Neil Gaiman could write an instruction manual for an IKEA bookcase and I'd probably love it. But that said, this was everything I hoped it would be. Gaiman has a delicious way of utilizing language and expectation to create truly disturbing, thought-provoking, and unique things. This anthology contains both short stories (of varying length) and poetry. Some are familiar, some are new (to me, anyway). Some were disturbing, some were amusing, all were entertaining and a joy to read.

I've found it rare to encounter an author who is as good with full-length novels as short stories, considering the very different styles each requires. But Gaiman's masterful art of wordplay really supports his talent with these short stories. Each one has a 'how it came to be' story in the prologue, which was fascinating. Of all of them, The Man Who Forgot Ray Bradbury was the most deeply personal. Not creepy at all, but it felt like reading my own inner self (only, more poetic). I don't know that I've ever read something so intimate it felt like I wrote it, before. And I can't help thinking I would LOVE to hear Neil read it- what luck, he narrates the audiobook version of Trigger Warning! Also: there was not a single story or poem in here that was forgettable or 'meh'.

Whether you like classic horror, or Doctor Who, or fairytale retellings, or novellas tied into longer works of fiction, or dark fantasy, or poetry, or folktales, or musings, there will be something in here for you. Probably multiple somethings. I highly recommend this collection.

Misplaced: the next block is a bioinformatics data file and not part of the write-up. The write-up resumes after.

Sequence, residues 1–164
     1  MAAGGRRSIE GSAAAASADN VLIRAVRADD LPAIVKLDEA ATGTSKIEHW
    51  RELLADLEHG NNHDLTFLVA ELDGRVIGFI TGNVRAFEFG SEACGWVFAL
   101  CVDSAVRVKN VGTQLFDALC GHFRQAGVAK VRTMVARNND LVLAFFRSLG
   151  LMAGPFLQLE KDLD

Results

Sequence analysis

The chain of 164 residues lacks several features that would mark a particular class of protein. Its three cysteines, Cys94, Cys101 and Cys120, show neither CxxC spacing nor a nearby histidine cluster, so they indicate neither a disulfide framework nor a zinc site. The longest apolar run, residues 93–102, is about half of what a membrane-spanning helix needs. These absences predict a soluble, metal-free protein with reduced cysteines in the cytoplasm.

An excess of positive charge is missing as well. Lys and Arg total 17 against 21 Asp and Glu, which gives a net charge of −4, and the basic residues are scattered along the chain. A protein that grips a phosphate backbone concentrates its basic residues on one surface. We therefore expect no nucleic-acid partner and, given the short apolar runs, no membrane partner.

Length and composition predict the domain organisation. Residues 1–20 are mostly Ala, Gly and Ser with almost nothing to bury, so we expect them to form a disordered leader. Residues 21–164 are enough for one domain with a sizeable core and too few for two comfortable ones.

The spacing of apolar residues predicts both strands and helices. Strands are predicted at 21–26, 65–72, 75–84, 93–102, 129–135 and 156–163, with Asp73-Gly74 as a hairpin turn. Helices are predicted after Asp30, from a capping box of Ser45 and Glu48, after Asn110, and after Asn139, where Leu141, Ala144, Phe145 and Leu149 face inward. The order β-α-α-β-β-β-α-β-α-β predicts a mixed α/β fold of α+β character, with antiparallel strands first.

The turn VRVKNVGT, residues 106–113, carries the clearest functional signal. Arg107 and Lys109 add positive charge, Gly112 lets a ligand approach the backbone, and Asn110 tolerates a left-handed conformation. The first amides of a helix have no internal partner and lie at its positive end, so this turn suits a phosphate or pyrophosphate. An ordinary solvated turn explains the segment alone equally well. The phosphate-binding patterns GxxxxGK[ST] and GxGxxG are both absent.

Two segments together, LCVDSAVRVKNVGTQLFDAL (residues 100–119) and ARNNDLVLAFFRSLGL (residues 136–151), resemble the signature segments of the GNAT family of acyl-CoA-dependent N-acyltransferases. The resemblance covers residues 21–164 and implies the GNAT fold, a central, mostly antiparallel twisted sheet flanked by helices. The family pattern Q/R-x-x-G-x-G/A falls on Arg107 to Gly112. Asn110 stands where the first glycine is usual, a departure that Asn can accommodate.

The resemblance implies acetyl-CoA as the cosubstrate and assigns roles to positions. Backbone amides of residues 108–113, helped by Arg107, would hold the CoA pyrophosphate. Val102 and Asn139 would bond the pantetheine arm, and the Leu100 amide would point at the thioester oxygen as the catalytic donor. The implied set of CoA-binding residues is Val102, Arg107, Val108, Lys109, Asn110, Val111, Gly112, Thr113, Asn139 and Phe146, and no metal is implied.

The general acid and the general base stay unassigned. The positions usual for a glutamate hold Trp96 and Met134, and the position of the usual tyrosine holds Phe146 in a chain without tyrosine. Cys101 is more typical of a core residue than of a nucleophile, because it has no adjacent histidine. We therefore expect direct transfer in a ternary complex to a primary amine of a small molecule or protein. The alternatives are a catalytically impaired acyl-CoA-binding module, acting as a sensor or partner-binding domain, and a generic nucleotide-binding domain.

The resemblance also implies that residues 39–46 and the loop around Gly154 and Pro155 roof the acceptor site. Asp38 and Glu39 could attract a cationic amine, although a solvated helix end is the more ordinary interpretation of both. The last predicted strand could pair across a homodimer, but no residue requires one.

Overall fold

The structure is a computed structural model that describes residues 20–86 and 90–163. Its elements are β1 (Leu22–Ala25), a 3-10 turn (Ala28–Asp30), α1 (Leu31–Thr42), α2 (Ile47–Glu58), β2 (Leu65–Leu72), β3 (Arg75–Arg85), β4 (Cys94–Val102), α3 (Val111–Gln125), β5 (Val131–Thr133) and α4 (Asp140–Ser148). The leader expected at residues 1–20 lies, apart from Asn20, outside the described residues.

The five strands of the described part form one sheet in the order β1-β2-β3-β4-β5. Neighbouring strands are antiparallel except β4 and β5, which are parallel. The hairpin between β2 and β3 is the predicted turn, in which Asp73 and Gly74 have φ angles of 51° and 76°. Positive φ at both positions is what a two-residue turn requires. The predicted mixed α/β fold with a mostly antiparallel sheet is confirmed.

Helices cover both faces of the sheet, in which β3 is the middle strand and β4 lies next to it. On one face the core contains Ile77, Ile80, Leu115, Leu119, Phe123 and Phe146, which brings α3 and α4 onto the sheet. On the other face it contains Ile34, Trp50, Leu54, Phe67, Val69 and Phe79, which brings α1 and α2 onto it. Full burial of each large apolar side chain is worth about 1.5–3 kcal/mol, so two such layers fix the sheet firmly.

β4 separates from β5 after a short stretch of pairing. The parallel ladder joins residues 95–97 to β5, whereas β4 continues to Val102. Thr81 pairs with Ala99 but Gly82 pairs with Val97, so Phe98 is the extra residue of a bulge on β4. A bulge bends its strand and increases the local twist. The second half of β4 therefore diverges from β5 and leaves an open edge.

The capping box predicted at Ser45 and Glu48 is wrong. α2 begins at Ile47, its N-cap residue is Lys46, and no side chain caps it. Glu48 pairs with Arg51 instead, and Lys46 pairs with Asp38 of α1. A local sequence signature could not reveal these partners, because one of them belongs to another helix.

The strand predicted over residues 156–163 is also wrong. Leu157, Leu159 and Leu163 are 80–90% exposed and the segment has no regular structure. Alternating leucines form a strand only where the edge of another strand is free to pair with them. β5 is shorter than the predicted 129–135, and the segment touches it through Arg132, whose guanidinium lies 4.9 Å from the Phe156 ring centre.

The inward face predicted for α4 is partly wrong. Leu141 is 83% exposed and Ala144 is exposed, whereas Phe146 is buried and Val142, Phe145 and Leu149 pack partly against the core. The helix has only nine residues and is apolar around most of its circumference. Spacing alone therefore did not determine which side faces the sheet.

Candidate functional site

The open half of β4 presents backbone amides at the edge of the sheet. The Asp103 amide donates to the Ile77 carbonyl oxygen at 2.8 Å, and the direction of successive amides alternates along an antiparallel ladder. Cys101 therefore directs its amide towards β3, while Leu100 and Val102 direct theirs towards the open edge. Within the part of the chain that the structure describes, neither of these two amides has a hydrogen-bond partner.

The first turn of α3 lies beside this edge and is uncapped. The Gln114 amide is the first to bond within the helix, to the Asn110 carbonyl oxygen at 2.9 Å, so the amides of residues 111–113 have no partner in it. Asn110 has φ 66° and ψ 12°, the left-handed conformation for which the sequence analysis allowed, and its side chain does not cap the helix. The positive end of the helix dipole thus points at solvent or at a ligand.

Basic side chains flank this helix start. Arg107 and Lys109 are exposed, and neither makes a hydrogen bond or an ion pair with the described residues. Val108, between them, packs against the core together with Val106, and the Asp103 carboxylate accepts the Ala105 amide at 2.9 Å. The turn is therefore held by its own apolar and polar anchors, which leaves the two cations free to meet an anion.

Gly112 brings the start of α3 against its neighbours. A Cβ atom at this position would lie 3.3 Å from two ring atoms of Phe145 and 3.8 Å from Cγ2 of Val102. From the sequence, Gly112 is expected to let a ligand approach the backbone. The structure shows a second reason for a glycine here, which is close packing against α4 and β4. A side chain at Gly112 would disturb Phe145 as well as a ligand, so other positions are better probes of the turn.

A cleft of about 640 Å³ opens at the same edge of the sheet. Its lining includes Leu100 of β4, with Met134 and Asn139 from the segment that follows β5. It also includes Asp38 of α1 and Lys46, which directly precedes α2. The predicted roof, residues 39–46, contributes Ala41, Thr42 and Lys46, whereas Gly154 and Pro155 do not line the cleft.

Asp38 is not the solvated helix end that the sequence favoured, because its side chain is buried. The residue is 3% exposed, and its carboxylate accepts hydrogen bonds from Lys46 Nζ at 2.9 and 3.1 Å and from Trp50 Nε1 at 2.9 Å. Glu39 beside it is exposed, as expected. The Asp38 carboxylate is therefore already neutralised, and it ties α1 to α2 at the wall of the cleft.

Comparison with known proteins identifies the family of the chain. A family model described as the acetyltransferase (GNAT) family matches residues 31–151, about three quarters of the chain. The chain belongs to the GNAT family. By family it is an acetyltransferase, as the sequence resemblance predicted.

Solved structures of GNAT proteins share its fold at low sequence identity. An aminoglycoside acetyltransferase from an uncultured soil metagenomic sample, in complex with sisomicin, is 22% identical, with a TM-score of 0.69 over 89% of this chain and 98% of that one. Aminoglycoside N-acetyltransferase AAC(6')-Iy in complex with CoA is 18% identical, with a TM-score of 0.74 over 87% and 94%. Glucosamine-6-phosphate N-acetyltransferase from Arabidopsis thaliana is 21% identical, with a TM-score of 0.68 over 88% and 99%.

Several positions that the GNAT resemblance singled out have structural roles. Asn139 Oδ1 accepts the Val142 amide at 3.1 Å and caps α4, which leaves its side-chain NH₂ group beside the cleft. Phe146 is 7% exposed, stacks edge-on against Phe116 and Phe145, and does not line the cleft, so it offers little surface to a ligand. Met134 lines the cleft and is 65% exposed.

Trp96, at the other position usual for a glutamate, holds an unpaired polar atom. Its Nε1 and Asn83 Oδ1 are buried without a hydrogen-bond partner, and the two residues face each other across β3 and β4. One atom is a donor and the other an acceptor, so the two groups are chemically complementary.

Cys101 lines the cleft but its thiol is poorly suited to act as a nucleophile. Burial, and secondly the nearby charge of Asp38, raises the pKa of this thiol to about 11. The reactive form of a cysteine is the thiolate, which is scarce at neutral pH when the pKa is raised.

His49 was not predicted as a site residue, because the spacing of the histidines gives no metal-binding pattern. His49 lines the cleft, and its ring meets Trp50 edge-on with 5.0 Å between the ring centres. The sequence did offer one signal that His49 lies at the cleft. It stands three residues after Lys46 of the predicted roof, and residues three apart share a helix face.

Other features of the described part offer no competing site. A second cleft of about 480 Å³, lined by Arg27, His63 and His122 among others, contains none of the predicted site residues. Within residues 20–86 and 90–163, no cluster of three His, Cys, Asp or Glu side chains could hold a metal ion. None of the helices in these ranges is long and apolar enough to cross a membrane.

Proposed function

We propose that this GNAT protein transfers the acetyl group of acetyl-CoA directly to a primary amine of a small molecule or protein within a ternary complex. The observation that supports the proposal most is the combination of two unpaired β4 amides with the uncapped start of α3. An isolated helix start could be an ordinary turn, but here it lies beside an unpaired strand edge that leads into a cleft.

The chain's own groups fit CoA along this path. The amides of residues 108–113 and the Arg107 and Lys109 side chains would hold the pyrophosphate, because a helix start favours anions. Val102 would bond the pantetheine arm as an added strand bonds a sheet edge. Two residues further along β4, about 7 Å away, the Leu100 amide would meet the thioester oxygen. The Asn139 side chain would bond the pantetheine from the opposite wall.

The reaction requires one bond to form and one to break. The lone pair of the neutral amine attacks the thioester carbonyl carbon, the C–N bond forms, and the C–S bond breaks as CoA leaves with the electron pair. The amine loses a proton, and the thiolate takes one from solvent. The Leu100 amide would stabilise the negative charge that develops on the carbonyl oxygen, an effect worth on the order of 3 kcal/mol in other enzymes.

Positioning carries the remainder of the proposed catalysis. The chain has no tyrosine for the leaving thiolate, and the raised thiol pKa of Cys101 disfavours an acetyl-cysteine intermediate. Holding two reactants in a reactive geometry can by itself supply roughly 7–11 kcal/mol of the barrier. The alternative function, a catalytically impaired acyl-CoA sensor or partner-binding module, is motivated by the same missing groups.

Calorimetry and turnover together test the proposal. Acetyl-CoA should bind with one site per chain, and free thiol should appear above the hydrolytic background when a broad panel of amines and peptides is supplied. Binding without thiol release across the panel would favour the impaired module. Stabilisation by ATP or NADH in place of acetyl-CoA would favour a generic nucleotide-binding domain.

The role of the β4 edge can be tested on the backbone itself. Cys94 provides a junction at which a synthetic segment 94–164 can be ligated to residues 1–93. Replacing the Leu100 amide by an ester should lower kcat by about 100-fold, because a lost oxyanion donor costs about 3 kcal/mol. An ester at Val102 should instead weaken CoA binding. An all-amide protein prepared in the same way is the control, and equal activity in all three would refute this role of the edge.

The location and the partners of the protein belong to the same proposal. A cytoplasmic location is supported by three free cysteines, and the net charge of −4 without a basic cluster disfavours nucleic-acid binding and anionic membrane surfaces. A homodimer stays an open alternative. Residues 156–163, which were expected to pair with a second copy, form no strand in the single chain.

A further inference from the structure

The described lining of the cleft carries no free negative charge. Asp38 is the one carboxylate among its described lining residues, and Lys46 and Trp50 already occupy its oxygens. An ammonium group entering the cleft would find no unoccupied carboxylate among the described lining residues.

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Aug 25, 2018

Mbussey thinks this title is suitable for 15 years and over

Jun 08, 2017

BJune10 thinks this title is suitable for 14 years and over


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ArapahoeMaryA Jul 25, 2019

I am not scared of bad people," he says, "of wicked evildoers, of monsters and creatures of the night. The people who scare me are the ones who are certain of their own rightness.

Aug 25, 2018

“We are all wearing masks. That is what makes us interesting.”
“You seem all normal and quiet on the surface. But you are so much weirder than I am, and I am, extremely, fucking, weird.”
“I remember Icarus. He flew too close to the sun. In the stories, though, it’s worth it. Always worth it to have tried, even if you fail, even if you fall like a meteor forever. Better to have flamed in the darkness, to have inspired others, to have lived, than to have sat in the darkness, cursing the people who borrowed, but did not return, your candle.”


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Sep 01, 2016

Frightening or Intense Scenes: Of the 3 stories I tried, I found them too scary to finish.